“Baylor is still Baylor — the commitment that students have for learning and that teachers have to teaching. We’re still the Baylor Family, even though we’re doing it remotely. A lot of the things about classroom teaching still apply: getting students involved in the conversation, being organized and creating a sense of community. All of that is really happening.”

While Baylor had no choice but to adapt, Null says Baylor’s commitment to a transformational undergraduate education remained unchanged.

“The collaborative efforts of ITS, ATL and LATS really made things happen so that faculty could keep teaching and students could keep learning,” Null says. “The question becomes: How do we adapt who Baylor is — a Christian research university — to this new world that we’re moving into? Technology helps us to deliver that piece of education so that, in the midst of all this change and uncertainty, we can continue to form students into the people God expects them to become.”

Summer of Discovery
Summer of Discovery

In addition to the spring semester adjustments, Baylor also addressed the in-person restrictions impacting summer courses by launching 2020 Summer of Discovery, an innovative collection of discounted summer course bundles for current students, incoming freshmen and rising high school seniors in an online environment to help them advance toward their academic goals.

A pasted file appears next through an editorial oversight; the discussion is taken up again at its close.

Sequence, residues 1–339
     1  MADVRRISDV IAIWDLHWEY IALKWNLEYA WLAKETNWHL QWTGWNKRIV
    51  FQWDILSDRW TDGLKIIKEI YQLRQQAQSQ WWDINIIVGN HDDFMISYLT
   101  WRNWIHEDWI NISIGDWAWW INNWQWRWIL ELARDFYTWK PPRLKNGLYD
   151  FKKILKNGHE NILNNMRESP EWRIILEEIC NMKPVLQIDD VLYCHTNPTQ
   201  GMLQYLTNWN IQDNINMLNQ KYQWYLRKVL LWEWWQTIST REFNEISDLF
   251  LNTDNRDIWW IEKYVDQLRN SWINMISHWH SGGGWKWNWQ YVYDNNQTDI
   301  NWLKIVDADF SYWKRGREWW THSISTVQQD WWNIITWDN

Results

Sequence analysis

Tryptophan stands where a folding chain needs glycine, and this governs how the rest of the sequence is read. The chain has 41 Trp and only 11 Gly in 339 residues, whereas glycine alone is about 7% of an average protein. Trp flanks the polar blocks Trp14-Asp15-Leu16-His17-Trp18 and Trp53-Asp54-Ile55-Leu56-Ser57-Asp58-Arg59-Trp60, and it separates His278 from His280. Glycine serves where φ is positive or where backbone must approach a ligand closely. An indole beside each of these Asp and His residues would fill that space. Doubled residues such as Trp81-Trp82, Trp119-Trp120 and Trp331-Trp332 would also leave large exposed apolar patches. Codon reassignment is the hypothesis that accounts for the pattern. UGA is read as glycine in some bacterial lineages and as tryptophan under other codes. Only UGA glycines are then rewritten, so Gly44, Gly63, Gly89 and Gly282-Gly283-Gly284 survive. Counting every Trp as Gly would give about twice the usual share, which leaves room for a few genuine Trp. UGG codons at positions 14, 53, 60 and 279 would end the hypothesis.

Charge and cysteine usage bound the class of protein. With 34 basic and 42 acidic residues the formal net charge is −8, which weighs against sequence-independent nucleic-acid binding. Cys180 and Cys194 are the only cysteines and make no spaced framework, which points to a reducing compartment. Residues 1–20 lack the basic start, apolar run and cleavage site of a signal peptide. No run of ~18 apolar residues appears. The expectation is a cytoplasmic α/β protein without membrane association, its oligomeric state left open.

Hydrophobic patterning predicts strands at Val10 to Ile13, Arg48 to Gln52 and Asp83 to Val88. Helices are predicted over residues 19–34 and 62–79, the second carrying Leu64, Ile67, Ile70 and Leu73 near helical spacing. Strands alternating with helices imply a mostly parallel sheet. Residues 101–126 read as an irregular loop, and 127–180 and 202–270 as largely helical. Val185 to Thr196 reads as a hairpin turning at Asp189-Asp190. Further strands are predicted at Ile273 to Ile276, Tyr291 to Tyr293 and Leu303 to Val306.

Classes are taught online by Baylor faculty in the supportive Christian environment that is a hallmark of a Baylor education. Students learn alongside their peers and have the assurance that these classes support most degree plans and majors. For rising high school seniors, Baylor’s Summer of Discovery offers opportunities to take online Baylor courses at discounted rates for college credit and potential early admission.

Summer of Discovery courses began in May and run through Aug. 12, across multiple summer sessions.

Response to the program was overwhelming with 4,782 current students, 603 first-time freshmen and 351 rising high school seniors signing on. Factoring in transfer, graduate and seminary students, the resulting enrollment topped 6,000, making it the largest summer school enrollment at Baylor in 20 years.